June’s snap election changed everything. And more.
According to UK Polling Report, the first poll of 2017 (by YouGov for the Times, 4th January) put the Tories on 39%, well ahead of Labour who were placed on just 24%. In February and March, the Conservatives regularly polled in the 40s while Labour struggled along in the mid-20s.
When Theresa May called the snap election on the 18th April, one subsequent poll on the 20th by ComRes/Sunday Mirror put the Tories on 50%, dwarfing Labour’s low score of 25%.
The Tories looked set to strengthen their majority and give Theresa May the mandate she desired to secure a good Brexit deal.
One week later, the Independent reported that an Ipsos MORI poll indicated that May was more popular than Margaret Thatcher or Tony Blair. That prospect seems laughable now.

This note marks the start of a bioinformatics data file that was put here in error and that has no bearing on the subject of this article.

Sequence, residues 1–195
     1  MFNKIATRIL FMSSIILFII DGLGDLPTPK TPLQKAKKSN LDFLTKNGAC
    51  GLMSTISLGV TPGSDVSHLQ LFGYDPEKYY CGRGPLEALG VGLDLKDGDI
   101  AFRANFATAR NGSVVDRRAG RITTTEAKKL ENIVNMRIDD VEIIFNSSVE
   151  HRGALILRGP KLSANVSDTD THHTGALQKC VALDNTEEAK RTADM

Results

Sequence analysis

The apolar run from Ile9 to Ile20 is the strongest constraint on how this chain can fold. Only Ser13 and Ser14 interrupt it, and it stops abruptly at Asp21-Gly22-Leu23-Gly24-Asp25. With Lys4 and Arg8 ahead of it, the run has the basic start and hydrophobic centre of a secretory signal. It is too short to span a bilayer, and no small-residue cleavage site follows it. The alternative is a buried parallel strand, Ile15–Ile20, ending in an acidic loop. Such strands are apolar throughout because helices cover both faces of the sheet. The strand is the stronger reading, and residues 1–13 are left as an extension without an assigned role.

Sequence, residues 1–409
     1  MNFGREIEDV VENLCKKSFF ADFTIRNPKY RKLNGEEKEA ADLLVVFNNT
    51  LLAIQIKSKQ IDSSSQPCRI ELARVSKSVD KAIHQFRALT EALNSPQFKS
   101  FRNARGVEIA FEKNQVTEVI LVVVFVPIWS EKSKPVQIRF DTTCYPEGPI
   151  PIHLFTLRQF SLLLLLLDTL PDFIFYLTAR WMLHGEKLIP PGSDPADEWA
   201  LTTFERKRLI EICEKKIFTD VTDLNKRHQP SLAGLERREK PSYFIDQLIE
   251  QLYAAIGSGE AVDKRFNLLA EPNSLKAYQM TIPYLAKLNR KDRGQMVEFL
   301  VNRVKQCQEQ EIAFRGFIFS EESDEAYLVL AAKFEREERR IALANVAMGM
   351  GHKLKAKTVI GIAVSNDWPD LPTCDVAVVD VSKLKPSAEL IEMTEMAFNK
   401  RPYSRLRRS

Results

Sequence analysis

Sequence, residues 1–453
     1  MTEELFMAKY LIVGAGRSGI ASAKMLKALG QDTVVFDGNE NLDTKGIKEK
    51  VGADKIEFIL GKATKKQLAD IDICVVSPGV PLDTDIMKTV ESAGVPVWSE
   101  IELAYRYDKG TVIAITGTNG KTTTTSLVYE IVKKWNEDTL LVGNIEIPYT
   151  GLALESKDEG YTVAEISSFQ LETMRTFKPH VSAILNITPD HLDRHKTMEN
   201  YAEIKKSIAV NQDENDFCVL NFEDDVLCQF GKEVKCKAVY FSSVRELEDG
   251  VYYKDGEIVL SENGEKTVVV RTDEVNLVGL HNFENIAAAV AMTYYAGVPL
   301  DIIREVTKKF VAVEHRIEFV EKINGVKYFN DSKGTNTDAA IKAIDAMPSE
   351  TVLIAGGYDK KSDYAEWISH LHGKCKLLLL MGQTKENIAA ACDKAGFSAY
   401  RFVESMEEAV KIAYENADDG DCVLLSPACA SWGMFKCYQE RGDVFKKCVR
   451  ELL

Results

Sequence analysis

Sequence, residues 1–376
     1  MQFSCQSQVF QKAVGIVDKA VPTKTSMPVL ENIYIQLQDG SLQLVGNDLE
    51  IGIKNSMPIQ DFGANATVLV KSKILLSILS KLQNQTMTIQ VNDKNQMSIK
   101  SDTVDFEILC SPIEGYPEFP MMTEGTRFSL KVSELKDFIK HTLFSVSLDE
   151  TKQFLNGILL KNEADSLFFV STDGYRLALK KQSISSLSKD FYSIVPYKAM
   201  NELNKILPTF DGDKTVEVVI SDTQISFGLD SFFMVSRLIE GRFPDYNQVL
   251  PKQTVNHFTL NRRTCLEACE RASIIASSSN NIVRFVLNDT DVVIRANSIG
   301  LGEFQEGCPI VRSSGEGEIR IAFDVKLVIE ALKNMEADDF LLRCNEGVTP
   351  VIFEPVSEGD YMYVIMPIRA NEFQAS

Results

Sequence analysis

The country then entered campaign mode, and Labour support slowly climbed with a strong manifesto and leadership from Jeremy Corbyn in opposition to the Conservatives’ U-turns and May’s lack of appearance at TV debates.
Even then, the final polls ahead of the election put the gap between the two main parties anywhere between one and thirteen percentage points.
In the end, Labour won over 40% of the vote just behind the Conservatives while UKIP collapsed and the Liberal Democrats stagnated.
In the two years since the last election, there has been a major shift in public opinion, with most polls since the vote putting Labour ahead of the Tories.
The question is, will opinion continue to shift in Labour’s direction in 2018 or will this return to two-party politics be the briefest of blips.
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